How to divide budget with strategic partners of your agency

How should you and a strategic partner split the end-client’s budget? We’ll look at benchmark ranges.

I’m advising several of my clients about options to work with other agencies. As a reminder, there are three high-level categories—whitelabel, strategic partnership, and referral.

Focusing on strategic partnerships, the owner of a development agency asked me:

“For the strategic partner to other agencies, what portion of the project should we be slicing off from a revenue perspective?  What would they be willing to give up for dev? 10% 20% 30%? At what project size? For instance, should we be targeting 20K of a 100K website project?”

As in many things, “it depends.” To help you find more ideal-fit clients, let’s take a closer look at how to budget for work with another agency as a strategic partner.

Anchoring: Budget-Split Considerations

If it were whitelabel and the end-client had a $100K budget, I’d cap development at ~$25K. If you were working on a fixed-scope basis, the intermediary agency would want to mark up your fee by 100% (that is, charge the client $50K for dev, and keep the remaining $50K for themselves). If you and they are doing Agile project management, $25K would likely still work (depending on sprint budgeting), but the intermediary agency needs to ultra-manage client expectations (that you/they aren’t guaranteeing a specific scope).

With strategic partnerships, in contrast, there’s not the same markup consideration, so that’s more money directly to strategic partner agency. Let’s look at how we might divide things.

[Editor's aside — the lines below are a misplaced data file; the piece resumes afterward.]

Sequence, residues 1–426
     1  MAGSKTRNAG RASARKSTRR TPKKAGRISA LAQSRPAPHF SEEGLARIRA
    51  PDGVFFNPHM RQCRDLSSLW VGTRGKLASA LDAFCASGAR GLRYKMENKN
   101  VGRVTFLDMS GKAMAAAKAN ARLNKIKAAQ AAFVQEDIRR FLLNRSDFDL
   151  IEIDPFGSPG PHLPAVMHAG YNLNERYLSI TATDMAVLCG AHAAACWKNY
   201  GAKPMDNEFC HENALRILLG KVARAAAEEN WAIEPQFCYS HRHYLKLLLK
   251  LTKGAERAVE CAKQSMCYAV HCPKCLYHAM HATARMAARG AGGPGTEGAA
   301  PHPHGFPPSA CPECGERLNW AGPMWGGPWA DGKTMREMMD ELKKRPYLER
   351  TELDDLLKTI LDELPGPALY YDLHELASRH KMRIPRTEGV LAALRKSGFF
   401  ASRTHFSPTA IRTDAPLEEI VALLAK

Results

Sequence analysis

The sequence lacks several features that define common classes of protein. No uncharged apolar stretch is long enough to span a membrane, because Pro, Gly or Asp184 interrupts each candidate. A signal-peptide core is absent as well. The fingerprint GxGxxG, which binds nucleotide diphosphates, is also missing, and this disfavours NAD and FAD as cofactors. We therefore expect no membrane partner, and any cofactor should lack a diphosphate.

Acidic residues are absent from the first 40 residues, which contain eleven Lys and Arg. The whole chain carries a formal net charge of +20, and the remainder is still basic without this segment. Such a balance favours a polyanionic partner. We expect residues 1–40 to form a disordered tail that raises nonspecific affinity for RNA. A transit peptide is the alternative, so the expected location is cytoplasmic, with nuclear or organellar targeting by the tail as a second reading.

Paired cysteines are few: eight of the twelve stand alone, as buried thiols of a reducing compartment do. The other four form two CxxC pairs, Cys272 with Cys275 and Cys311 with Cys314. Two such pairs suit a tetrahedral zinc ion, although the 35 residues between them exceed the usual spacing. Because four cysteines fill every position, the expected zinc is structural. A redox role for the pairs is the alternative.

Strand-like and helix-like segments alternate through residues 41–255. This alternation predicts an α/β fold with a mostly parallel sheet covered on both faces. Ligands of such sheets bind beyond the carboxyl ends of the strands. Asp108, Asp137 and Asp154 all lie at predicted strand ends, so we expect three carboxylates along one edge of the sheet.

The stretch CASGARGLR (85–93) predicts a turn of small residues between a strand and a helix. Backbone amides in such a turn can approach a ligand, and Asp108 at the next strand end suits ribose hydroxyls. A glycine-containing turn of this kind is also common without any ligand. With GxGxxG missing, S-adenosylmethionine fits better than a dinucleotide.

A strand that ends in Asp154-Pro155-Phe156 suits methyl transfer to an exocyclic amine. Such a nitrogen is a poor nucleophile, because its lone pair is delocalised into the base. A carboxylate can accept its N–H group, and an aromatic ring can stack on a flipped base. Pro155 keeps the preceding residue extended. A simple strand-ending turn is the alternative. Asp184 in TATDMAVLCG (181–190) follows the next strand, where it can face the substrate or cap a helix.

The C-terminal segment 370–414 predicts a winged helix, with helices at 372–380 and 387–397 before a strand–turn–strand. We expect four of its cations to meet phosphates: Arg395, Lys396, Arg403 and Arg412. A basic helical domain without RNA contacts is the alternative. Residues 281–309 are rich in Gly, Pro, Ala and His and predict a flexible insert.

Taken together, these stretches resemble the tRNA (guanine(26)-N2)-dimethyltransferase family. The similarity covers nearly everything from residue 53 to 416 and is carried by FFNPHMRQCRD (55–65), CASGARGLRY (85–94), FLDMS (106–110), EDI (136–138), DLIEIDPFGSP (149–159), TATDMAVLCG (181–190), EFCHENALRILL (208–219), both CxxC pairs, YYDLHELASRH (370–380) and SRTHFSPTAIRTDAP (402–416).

Benchmarking: How to Split a $100K Budget

We’ll start with a total budget (from the end-client) of $100,000. Remember, 20-35% of the budget should go toward PM and client service. In my experience, here are ranges I’d use for a $100,000 web development project:

  • 20-30% to PM & Client Service
  • 10-20% to Strategy
  • 10-20% to Design
  • 40-50% to Development
  • 5% to Quality Assurance

You may prefer different ranges—and that’s fine! Use work breakouts and project debriefs to build a baseline, to help you create better estimates for your agency’s specific situation.

Best Practices: Variations

A technically complex project might need more budget for QA (or less, if the client is handling some of the testing). Development might be on the lower end if you’re building off-the-shelf functionality. Strategy and design might be higher if you’re doing extra user research up front.

If you’re doing a marketing-only or design-only project (that is, no development) or an ongoing retainer, you can use this same process to calculate budget—just adjust for your circumstances.

If you’re contributing something helpful but minor, you might get only 5% or 10%.

Small Projects: Have a Minimum Project Size

For a smaller project, I’d assume more like 50% for development, or possibly more—small budgets burn faster, on a percentage basis of the total budget.

Be cautious about doing strategic partnership projects on small budgets. A $10K project could easily burn $3K on PM and client service. If the end-client needs strategy and design, that doesn’t leave much for dev.

Exceptions? Cases when you have strong mechanisms for managing scope, or if there’s a situation where doing a “strategically free” discount (e.g., you want more business from the referrer and are confident this deal will help secure that) benefits you.

The Power of Positioning

It’s ultimately all negotiable. If the other agency sees you as interchangeable, you’re not going to get a great deal. But if they see your agency as a truly vital strategic partner, you can negotiate a bigger share of the budget. Specialization matters—and pays.

Question: What’s your experience with other agencies as strategic partners?

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